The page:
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Big ag and contamination


The U.S. Centers for Disease Control (CDC) seemed to react with a bit too much caution in October, when it warned U.S. consumers not to eat any romaine lettuce, at all, from anywhere, because of the possibility of contamination.

The outbreak of E. Coli that triggered the recall sickened about 40 people in 12 states. A couple weeks later, the CDC updated its warning with the information that the contaminated lettuces came from California’s Central Valley region, and that if romaine was labeled with an origin different, it was safe to eat.

Even before that update, some small farms alerted media outlets that their organic romaine was not part of an industrial farming operation, and was safe to eat. People who purchased locally grown romaine at farmers’ markets should have been secure in the knowledge that they were buying untainted lettuce.

The other notable food recall that took place just before Thanksgiving involved ground beef. Ultimately the recall covered 12 million pounds of ground beef responsible for causing salmonella, poisoning in 246 people, with 56 of those people requiring hospitalization.

The packed beef contained the United States Department of Agriculture inspection number EST. 267, and was packaged between July 26 and September 7. USDA inspectors were concerned that some packages remained in consumers’ freezers.

Consumer Reports indicates that while E. Coli is more commonly found in conventional beef, rates of salmonella are similar for conventional, grass-fed and organic beef. Regardless, beef must be cooked thoroughly to be safe.

The two recalls once again sparked discussion about whether industrial or factory farming is really beneficial to the societies they serve, or whether the county should be moving toward incentivizing more small-scale farming operations.

There is general agreement that industrial, or factory farms, are more efficient, and can generally offer consumers lower prices for meat and produce. As an article in Forbes magazine put it, (tinyurl.com/yawytw6d), “Factory farms are one of the biggest reasons why it’s possible to consume meat every day if one wants.” That’s clearly a convenience many people do not want to give up. But the list of grievances against industrial farms that raise both meat and produce is extensive.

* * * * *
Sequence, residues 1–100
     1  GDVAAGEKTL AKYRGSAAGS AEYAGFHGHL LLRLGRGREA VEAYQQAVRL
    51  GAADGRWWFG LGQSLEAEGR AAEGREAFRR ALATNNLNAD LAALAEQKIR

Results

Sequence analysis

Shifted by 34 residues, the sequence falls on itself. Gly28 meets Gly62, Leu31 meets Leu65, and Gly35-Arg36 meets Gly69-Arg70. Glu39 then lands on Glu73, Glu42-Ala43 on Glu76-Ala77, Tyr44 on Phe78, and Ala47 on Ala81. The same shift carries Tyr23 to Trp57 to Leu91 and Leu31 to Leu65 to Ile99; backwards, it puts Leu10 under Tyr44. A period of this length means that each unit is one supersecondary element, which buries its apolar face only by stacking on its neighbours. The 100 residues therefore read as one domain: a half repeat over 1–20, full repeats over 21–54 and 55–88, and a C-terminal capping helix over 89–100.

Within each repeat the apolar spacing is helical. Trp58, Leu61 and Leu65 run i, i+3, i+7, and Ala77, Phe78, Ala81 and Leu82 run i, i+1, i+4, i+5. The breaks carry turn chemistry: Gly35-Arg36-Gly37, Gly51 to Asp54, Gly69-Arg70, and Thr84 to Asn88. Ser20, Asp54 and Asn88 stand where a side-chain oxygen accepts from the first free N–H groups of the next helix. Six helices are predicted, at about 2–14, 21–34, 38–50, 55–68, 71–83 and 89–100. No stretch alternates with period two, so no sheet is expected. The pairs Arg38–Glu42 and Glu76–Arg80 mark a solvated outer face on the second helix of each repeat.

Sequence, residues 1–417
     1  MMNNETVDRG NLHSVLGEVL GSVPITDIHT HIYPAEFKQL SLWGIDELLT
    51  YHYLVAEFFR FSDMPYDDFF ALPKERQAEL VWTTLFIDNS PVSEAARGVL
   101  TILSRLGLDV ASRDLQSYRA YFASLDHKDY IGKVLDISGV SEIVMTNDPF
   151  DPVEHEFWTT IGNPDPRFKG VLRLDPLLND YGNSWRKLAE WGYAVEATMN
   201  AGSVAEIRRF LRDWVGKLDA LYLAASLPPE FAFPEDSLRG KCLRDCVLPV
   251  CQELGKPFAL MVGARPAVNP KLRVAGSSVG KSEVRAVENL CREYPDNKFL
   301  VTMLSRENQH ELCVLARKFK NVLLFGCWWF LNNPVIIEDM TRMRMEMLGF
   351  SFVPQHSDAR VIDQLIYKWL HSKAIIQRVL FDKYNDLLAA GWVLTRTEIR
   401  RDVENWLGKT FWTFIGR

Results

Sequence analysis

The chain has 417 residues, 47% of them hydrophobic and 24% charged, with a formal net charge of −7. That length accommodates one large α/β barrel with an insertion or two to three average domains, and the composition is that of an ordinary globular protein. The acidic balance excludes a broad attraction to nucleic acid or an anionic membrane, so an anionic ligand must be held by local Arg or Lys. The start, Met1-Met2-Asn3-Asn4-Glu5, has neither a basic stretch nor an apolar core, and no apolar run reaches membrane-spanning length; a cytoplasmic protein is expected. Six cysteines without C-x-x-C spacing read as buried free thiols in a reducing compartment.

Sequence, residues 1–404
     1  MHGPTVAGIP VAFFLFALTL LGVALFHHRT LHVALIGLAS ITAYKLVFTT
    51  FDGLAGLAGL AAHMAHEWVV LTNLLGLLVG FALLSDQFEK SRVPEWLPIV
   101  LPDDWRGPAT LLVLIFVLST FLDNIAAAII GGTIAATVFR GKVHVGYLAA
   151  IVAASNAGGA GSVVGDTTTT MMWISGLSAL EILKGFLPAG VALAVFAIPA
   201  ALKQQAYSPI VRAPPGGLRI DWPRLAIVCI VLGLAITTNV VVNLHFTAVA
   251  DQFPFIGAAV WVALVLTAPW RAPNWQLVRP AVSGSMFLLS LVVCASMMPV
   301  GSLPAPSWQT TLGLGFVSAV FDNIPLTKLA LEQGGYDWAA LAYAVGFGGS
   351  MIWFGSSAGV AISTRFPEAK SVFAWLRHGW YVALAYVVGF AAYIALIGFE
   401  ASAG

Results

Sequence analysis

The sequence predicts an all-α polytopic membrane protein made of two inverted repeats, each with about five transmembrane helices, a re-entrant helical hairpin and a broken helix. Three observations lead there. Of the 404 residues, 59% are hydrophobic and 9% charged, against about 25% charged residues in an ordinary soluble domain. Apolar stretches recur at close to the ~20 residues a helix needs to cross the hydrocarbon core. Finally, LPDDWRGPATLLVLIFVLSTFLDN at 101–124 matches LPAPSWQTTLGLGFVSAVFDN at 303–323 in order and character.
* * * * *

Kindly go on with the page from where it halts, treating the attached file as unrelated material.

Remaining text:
The website Beyond Factory Farming has a long list of complaints against industrial agricultural operations, including how they deal with excessive amounts of manure (tinyurl.com/ydbc4b8x). In a comparison of large and small operations a post on the website reads, “sustainable farms only raise what the land is capable of handling. Farmers use manure or composted manure as fertilizer for crops, which reduces or eliminates the need for commercial fertilizers and chemicals.” In larger operations, “industrial livestock production concentrates large numbers of animals in one area. As a result, there is too much manure concentrated in one area for the land to handle. Manure is stored in large holding pits, lagoons, or stock piled. Due to high transportation costs, manure is often over-applied to fields close to the operation… Manure storage emits gases such as ammonia, hydrogen sulfide and methane. These gases can cause noxious odors, as well as a suite of health problems.”

In the case of vegetables, one of the complaints against large operations is that produce must be shipped long distances to take advantage of growing large amounts of single crops. In most regions, commercial crops must be shipped to central distribution points to be processed and shipped to the public. This means that commercial produced must often be shipped thousands of miles over days, while locally grown produce may be shipped only tens of miles, and often sold on the same day it was harvested.

There is no doubt that interest in food from smaller operations is growing. But the current administration in Washington seems to be moving in the opposite direction. Officials of the Trump Administration are moving to delay and rollback regulations meant to safeguard the nation’s food supply.

A recent article on the website Food Safety News            (tinyurl.com/ycegf2xx) reads, “The fact is, the tired argument made by Trump’s minions, that food safety and other environmental rules are too costly, doesn’t hold up under scrutiny. The White House’s own analysis shows that environmental safeguards and other commonsense rules deliver a good return on the investment in our future, with produce safety rules yielding an estimated $900 million dollars in benefits from the avoidance of food-borne illness, at a substantially lower cost.”

Like many issues of sustainability, an unbiased judgment of small-scale versus large-scale farming depends on viewing both the costs of production and the external cost to society of both types of farming. It seems that growing numbers of the public are coming to understand that, and perhaps the political class will follow.


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